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Egypt goes to the polls in first post-Mubarak election

Millions of Egyptians have been queuing to vote today, less than two weeks before Mubarak is due to be sentenced.

An Egyptian man rides his bicycle near a poster of a presidential candidate in Cairo yesterday
An Egyptian man rides his bicycle near a poster of a presidential candidate in Cairo yesterday
Image: AP Photo/Fredrik Persson

MILLIONS OF EGYPTIANS have been waiting patiently in long lines outside polling stations across the nation today to freely choose their first president since last year’s ouster of longtime ruler and close US ally Hosni Mubarak.

“I can die in a matter of months, so I came for my children, so they can live,” a tearful Medhat Ibrahim, who suffers from cancer, said as he waited to vote in a poor district south of Cairo.

“We want to live better, like human beings,” said Ibrahim, a 58-year-old government employee.

Thirteen candidates, who include Islamists, liberals and Mubarak regime figures, are contesting the election. No outright winner is expected to emerge from the two-day vote starting. So, a runoff between the two top finishers will be held 16 and 17 June. The winner will be announced on 21 June.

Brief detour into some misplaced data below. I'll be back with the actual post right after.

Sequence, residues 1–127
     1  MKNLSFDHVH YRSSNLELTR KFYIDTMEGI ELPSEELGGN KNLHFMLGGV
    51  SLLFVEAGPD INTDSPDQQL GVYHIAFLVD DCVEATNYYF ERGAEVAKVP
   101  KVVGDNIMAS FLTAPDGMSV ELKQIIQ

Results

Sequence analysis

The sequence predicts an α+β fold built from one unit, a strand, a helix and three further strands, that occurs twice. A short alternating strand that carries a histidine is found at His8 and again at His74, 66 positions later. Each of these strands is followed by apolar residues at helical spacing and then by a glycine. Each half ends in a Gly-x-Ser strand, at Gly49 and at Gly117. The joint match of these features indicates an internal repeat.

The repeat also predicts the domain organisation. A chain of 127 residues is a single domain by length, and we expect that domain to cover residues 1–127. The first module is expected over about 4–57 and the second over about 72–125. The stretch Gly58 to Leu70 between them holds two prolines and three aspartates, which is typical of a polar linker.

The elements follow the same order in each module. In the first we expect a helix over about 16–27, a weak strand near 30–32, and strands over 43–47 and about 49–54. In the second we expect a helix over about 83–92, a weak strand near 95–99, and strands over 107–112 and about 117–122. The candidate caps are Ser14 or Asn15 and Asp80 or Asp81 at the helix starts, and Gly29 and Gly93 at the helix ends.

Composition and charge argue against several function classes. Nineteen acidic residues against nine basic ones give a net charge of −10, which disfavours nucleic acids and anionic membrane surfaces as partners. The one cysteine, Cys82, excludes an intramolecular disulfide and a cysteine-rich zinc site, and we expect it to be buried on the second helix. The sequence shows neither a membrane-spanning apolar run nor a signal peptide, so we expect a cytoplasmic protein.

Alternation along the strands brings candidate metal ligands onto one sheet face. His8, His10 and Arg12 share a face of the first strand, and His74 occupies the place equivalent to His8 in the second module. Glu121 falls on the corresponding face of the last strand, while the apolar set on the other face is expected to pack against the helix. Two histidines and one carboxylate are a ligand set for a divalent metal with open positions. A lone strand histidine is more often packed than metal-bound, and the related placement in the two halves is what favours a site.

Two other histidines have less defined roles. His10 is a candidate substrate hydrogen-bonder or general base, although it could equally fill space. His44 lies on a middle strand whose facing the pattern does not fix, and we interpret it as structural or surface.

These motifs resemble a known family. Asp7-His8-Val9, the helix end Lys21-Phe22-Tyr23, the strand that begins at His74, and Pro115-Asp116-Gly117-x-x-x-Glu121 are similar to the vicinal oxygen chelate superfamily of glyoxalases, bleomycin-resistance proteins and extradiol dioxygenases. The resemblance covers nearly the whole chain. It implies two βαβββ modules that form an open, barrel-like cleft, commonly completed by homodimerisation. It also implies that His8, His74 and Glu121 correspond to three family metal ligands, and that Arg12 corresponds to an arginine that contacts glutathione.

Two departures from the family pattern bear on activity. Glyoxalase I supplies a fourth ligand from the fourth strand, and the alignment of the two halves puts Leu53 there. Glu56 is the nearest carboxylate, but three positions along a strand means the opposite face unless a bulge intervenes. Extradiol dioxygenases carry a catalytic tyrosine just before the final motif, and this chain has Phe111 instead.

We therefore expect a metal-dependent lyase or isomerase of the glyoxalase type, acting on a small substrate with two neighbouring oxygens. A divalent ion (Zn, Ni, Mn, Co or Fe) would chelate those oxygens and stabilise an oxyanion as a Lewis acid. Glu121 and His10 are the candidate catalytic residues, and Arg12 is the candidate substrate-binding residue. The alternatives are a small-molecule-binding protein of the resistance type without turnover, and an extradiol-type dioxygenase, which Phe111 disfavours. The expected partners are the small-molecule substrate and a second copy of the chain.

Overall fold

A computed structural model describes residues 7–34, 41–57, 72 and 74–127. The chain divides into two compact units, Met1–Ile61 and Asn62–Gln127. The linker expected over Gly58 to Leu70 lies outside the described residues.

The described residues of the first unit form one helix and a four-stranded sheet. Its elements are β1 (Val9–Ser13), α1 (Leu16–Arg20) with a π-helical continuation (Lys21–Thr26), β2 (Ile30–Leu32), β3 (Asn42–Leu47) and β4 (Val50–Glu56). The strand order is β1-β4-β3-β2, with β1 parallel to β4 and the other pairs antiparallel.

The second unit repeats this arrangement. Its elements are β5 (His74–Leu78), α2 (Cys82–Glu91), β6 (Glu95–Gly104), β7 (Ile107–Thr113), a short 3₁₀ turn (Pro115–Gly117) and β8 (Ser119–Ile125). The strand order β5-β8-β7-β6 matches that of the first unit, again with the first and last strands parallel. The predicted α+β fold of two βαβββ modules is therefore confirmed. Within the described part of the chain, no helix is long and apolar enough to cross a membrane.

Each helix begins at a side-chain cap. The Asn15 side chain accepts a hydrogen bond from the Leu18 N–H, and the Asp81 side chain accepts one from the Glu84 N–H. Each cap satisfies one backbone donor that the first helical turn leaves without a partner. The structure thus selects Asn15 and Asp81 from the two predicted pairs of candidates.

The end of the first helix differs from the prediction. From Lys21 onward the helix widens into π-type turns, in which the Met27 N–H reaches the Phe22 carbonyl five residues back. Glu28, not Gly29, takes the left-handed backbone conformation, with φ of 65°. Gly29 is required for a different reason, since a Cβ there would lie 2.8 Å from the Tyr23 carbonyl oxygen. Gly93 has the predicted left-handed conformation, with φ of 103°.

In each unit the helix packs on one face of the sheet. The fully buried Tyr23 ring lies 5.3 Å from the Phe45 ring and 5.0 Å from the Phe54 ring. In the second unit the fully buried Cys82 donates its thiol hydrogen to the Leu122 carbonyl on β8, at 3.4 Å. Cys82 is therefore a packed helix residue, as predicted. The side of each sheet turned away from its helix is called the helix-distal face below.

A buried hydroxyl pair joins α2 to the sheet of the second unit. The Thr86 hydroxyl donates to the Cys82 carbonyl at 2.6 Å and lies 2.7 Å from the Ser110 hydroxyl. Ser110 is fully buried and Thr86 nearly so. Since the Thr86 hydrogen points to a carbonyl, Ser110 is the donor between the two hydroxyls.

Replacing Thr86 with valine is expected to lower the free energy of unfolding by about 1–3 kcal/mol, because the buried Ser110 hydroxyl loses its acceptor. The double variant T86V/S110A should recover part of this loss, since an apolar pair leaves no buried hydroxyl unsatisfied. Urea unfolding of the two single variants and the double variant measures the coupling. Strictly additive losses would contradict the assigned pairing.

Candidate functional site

The generals who have taken over from Mubarak after an 18-day uprising forced him to step down 15 months ago have promised to hand over power by 1 July, ending a turbulent transitional period defined by deadly street clashes, a faltering economy and a dramatic surge of crime.

The military has said it has no intention to cling on to power and that it would ensure that the vote is fair and clean.

The election comes less than two weeks before Mubarak, 84, is due to be sentenced after he was tried on charges of complicity in the killing of some 900 protesters during the uprising against his 29-year rule. He also faced corruption charges, along with his two sons, one-time heir apparent Gamal and wealthy businessman Alaa.

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